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Culture and Ecology / Presentation

Hindu renewal

Photo by Deepak Mishra/Indian Photo Agency

Hindu renewal

Hindus taking a ritual bath

Devotees take a holy dip during the royal Bath (Shahi Snan) at the Sangam, the confluence of sacred rivers Ganges, Yamuna and mythical Saraswati, as part of the Maha Kumbh festival or Maha Kumbh Mela, in Allahabad, Uttar Pradesh, India.

For cutting off the tender sprouts of fruit trees, flower trees or shady trees in the parks near a city, a fine of 6 panas shall be imposed; for cutting off the minor branches of the same trees, 12 panas, and for cutting off the big branches, 24 panas shall be levied. Cutting off the trunks of the same shall be punished [with a fine between 48–96 panas]; and felling of the same shall be punished with [a fine between 200–500 panas]… For similar offenses committed in connection with the trees which mark boundaries, or which are worshipped . . . double the above fines shall be levied.

Kautilya's Arthasastra, translated by R. Shamasastry, Mysore, Mysore Publishing and Printing House, 1967, p. 225

Hinduism and Climate Change

by Makarand Paranjape

Hinduism celebrates nature through the Mahabhuta, or the five great elements. These are the earth (Prithvi), water (Jal), fire (Tejas), air (Vayu) and space (Akasa). Today there is a great campaign to save and clean up all the rivers in India, particularly the Ganges, the holiest of rivers. (Editor's note)

Unfortunately, no river is clean in India today; no river is fit to bathe in. The Yamuna, the scene of the legendry frolics of Krishna, is scarcely more than a sewage drain. The Narmada, one of our most sacred rivers, is little more than a trickle. The river is dying. Many millions of rupees were spent cleaning the Ganges, India’s holiest river, but she too is incredibly dirty.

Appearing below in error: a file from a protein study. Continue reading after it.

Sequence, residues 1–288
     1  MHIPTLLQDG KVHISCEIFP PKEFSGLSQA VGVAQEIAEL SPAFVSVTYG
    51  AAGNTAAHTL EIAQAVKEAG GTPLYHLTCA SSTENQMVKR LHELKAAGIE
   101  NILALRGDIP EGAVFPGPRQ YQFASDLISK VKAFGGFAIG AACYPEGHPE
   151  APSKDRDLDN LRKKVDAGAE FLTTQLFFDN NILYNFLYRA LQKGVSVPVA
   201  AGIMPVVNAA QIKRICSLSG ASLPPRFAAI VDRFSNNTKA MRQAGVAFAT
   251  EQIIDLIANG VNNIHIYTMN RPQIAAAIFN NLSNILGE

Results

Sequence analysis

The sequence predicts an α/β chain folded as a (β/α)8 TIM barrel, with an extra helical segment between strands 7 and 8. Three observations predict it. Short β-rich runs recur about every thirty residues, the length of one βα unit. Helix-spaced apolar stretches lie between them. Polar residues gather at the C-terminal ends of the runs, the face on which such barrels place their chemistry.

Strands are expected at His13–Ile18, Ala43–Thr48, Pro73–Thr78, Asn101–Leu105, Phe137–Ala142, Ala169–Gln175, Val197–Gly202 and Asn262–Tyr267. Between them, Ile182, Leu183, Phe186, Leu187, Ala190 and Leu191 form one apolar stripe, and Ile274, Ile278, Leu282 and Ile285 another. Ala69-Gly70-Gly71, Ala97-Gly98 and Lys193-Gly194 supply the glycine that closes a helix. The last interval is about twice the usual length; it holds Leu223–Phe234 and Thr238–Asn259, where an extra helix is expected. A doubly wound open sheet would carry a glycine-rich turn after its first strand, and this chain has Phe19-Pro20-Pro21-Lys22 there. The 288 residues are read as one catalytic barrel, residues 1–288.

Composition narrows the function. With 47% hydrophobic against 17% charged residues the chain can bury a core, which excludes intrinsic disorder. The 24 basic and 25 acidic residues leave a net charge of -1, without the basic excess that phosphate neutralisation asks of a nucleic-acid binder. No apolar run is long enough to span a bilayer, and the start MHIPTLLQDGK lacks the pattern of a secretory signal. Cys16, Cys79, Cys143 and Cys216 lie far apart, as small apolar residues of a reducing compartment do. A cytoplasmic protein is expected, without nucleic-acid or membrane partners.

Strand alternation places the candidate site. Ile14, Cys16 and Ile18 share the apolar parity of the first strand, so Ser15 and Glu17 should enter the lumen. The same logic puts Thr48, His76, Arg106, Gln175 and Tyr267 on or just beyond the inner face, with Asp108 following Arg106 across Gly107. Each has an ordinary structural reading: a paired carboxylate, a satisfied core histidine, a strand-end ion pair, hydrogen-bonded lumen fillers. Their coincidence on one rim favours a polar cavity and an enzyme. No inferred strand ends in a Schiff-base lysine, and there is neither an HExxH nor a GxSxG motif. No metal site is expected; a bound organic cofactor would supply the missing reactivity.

Let me quote a few excerpts from an eloquent document called «Hindu Declaration on Climate Change», presented at the Parliament of the World’s Religions, Melbourne, Australia, December 8, 2009.

“The Hindu tradition understands that man is not separate from nature, that we are linked by spiritual, psychological and physical bonds with the elements around us. Knowing that the Divine is present everywhere and in all things, Hindus strive to do no harm. We hold a deep reverence for life and an awareness that the great forces of nature – the earth, the water, the fire, the air and space – as well as all the various orders of life, including plants and trees, forests and animals, are bound to each other within life’s cosmic web. …

We cannot continue to destroy nature without also destroying ourselves. The dire problems besetting our world – war, disease, poverty and hunger – will all be magnified many fold by the predicted impacts of climate change. …

Humanity’s very survival depends upon our capacity to make a major transition of consciousness, equal in significance to earlier transitions from nomadic to agricultural, agricultural to industrial and industrial to technological. We must transit to complementarity in place of competition, convergence in place of conflict, holism in place of hedonism, optimization in place of maximization. We must, in short, move rapidly towards a global consciousness that replaces the present fractured and fragmented consciousness of the human race.”

For cutting off the tender sprouts of fruit trees, flower trees or shady trees in the parks near a city, a fine of 6 panas shall be imposed; for cutting off the minor branches of the same trees, 12 panas, and for cutting off the big branches, 24 panas shall be levied. Cutting off the trunks of the same shall be punished [with a fine between 48–96 panas]; and felling of the same shall be punished with [a fine between 200–500 panas]… For similar offenses committed in connection with the trees which mark boundaries, or which are worshipped . . . double the above fines shall be levied.

Kautilya's Arthasastra, translated by R. Shamasastry, Mysore, Mysore Publishing and Printing House, 1967, p. 225